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AT&T faces new roadblock on T-Mobile as FCC seeks hearing

AT Inc.’s $39 billion bid for T-Mobile/USA Inc. faces a new roadblock as Federal Communications Commission Chairman Julius Genachowski asked commissioners to send the proposal to an agency judge for a hearing.

The hearing, which could lead to a rejection of the deal, was proposed in an order that Genachowski offered Tuesday for consideration by the full FCC.

Agency staff had found the proposed merger would significantly diminish wireless competition, an FCC official said.

The hearing would take place after the resolution of a Justice Department court challenge to the transaction, FCC officials said. The antitrust case is scheduled for trial in February.

AT is “reviewing all options,” spokesman Larry Solomon said.

The purchase of T-Mobile would eliminate one of four national U.S. wireless carriers. AT has said the transaction would help it bring wireless high-speed Internet service to more people.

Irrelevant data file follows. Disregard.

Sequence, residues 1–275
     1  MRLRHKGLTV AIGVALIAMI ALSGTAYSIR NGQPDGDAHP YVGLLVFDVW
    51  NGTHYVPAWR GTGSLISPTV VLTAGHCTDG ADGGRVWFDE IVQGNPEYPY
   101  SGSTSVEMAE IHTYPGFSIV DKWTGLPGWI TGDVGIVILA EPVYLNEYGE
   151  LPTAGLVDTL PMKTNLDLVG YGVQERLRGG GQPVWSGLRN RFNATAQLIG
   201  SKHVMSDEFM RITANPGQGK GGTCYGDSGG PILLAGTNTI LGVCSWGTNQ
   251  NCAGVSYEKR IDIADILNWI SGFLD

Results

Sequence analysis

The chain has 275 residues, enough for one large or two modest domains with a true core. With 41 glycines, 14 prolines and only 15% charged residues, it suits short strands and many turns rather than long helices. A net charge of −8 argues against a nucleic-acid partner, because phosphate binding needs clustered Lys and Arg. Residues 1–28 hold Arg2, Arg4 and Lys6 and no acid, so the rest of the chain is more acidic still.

Vonya McCann, senior vice president of governmental affairs at Overland Park-based Sprint Nextel, said concerns about the proposed merger “more than justifies moving this matter to an administrative law judge for a hearing.”

The FCC can designate a transaction for a hearing, which is akin to a trial, when it cannot find the deal is in the public interest. The administrative law judge presiding over the hearing delivers an initial decision that goes to agency commissioners for a vote. Commissioners may vote in coming days on Genachowski’s proposal.

“A hearing could go on for six to 12 months,” Andrew Lipman, a Washington-based partner with the law firm of Bingham McCutchen LLP, said in an interview. “It’s certainly a significant obstacle and roadblock.”

The last time the FCC designated a media merger for a hearing was in 2002, when the agency challenged Echostar Communications Corp.’s bid for fellow satellite company DirecTV, Lipman said. The companies dropped their bid, he said.

AT could continue to fight the Justice Department in federal court, and if it wins there it could seek a settlement to stave off an appeal of the verdict and to satisfy the FCC, Christopher King and David Kaut, analysts with Stifel Nicolaus Co., said in a note to investors Tuesday.

The federal district court judge’s decision “would likely be pivotal,” Kaut and King wrote.

Bloomberg News contributed to this report.

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